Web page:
ELMWOOD PLACE, Ohio (AP) -- Businesspeople and residents of a southwest Ohio village have taken their opposition to new traffic cameras into court.
Elmwood Place officials didn't properly follow legal procedures in starting the camera enforcement aimed at speeders, according to a Hamilton County lawsuit filed Thursday. Twelve people who are suing also say the speeding ticket blitz that has followed is causing them harm, because the cameras are causing people to avoid the village and its businesses.
"A good thing for Elmwood to do is say, 'The people have spoken,' and end this," attorney Mike Allen told The Cincinnati Enquirer (http://cin.ci/TxJvZa).
Some 13,000 speeding citations were issued in the first two months or so after the cameras began. Elmwood Place has some 2,200 residents.
Village Police Chief William Peskin said the legal action wasn't a surprise, but declined further comment. He has said the traffic cameras are helping make the village near Cincinnati safer by deterring people from speeding through it.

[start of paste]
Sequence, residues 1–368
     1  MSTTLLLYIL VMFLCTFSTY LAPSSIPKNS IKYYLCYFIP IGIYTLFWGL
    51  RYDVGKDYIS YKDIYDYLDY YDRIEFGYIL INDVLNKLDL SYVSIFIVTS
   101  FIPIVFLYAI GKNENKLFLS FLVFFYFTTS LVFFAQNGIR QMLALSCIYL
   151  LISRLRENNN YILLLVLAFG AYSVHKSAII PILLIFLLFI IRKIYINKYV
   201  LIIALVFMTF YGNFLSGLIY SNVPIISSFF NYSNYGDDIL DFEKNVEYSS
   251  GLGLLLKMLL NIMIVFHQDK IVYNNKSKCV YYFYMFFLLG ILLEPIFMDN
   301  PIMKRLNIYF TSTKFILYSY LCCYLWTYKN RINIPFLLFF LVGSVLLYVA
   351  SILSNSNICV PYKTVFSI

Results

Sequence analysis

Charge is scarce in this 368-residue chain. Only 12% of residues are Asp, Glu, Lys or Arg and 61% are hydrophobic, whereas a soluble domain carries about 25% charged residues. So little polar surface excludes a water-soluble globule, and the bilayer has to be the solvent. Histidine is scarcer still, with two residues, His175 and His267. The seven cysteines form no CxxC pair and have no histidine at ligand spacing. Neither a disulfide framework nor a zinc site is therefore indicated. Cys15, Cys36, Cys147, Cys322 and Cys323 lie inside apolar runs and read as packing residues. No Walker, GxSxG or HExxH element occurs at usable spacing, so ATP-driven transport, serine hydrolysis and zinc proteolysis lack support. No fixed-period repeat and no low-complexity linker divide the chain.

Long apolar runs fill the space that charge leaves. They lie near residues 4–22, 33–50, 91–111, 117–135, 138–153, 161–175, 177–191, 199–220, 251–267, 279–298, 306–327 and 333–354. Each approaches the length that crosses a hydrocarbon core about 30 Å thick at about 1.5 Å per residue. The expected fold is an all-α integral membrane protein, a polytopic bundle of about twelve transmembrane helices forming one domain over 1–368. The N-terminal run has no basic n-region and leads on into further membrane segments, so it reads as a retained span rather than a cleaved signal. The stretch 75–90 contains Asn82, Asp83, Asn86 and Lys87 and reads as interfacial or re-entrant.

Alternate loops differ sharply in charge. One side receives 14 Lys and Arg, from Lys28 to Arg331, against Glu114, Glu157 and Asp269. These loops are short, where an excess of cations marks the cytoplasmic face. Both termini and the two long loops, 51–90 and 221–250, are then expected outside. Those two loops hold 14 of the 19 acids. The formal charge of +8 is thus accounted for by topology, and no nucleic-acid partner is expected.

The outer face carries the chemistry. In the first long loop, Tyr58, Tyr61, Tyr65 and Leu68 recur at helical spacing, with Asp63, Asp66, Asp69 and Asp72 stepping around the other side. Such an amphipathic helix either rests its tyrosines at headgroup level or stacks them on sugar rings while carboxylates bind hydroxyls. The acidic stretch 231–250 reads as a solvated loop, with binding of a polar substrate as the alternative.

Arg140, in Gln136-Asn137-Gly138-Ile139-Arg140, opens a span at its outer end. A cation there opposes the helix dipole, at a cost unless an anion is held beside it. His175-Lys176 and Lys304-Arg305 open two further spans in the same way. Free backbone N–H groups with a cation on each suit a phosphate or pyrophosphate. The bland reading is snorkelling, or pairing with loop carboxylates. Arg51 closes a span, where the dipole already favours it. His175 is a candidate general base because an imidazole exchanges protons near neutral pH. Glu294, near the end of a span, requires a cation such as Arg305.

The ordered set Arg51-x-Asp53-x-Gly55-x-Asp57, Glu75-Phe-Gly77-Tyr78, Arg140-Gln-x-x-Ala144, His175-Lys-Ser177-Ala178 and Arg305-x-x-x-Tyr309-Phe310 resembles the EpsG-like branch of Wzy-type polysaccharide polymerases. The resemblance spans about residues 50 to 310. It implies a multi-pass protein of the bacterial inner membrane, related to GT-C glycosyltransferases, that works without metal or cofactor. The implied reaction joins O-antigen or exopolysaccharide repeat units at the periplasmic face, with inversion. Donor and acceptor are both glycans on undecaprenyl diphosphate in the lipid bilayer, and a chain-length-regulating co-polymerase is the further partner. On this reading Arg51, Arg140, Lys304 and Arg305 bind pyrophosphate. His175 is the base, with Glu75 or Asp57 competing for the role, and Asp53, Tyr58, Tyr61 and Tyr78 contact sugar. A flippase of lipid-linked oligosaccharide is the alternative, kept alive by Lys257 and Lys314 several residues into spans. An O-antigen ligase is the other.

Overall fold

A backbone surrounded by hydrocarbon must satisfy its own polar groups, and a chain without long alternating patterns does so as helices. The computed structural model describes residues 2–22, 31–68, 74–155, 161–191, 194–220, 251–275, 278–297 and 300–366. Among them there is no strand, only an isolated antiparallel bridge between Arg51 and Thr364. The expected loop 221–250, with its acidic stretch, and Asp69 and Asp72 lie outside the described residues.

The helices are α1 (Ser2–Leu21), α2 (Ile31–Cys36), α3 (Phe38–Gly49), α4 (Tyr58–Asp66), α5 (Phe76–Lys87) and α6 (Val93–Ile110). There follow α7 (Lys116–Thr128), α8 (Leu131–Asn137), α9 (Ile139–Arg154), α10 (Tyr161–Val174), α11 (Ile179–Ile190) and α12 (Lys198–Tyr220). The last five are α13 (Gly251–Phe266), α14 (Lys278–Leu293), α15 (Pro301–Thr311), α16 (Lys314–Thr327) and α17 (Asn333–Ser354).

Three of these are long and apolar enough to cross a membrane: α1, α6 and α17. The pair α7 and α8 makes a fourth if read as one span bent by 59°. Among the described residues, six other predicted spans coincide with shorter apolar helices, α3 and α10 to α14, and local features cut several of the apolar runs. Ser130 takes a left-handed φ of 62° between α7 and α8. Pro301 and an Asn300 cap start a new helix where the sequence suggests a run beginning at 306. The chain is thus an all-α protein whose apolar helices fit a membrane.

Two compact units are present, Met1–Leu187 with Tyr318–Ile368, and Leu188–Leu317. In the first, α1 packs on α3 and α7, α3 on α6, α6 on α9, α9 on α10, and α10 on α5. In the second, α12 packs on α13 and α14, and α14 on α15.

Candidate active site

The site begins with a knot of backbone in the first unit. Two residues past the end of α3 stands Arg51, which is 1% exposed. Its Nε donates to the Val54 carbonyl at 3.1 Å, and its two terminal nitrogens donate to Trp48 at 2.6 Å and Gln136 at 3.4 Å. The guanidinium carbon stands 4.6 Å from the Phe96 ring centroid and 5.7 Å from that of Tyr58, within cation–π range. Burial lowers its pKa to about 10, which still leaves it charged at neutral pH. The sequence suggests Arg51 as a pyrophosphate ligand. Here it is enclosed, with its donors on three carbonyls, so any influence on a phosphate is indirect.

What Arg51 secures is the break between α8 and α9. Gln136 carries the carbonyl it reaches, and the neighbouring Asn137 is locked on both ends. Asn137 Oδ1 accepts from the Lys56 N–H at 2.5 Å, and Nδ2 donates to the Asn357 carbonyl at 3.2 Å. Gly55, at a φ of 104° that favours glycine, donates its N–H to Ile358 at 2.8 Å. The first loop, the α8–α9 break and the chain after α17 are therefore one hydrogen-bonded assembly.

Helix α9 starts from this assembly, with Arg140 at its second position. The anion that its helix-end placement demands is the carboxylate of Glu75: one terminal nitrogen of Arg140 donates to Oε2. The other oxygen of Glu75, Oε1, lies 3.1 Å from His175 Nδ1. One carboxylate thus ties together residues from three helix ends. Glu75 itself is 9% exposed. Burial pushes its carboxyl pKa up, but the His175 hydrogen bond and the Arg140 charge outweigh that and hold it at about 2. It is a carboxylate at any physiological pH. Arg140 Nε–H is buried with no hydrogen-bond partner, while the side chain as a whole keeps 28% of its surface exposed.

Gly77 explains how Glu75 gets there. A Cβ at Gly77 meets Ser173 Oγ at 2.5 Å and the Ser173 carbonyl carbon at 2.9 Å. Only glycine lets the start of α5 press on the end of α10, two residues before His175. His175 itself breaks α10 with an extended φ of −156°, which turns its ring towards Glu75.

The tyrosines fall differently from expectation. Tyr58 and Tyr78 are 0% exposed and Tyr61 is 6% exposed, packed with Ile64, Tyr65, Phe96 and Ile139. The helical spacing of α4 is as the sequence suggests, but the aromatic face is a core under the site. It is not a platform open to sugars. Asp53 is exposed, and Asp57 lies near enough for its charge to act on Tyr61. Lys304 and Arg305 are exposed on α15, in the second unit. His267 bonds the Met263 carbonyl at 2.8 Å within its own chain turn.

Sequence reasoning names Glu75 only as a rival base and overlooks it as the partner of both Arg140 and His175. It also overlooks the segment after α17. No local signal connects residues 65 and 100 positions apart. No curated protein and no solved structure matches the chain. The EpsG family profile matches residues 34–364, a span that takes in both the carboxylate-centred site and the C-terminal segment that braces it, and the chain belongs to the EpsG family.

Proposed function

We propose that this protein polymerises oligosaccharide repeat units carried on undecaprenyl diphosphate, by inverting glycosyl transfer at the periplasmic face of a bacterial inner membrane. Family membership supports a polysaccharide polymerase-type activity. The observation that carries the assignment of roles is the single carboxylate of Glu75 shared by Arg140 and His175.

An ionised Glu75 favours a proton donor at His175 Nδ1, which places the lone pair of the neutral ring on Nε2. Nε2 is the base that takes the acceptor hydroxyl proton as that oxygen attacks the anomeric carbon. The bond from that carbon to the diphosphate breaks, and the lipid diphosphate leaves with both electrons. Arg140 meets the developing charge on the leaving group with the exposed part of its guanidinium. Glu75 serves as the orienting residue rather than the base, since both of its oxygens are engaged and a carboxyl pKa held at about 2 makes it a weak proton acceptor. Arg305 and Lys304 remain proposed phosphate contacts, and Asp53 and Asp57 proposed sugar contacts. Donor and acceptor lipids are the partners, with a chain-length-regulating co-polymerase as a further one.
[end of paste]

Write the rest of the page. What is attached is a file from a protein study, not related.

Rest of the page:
Revenue from the $105 tickets is shared between the village and a for-profit company that installs and operates such traffic camera systems around the country. Other Ohio courts have upheld the camera use, which nearly always draws irate local reactions when municipalities install them.
The city of Dayton has used cameras to catch people running red lights for nearly a decade, but it caused a stir earlier this year when it began towing the vehicles of motorists who weren't paying multiple tickets.
People here complain that they have gotten citations for going only a couple miles per hour over the posted speed limit. People can challenge the citations that are mailed to them, but they face a $25 court hearing fee.
At one recent village meeting, there were calls for the village mayor to resign. She refused.
Allen said the lawsuit is a good way to take the issue "in front of a tribunal other than Elmwood."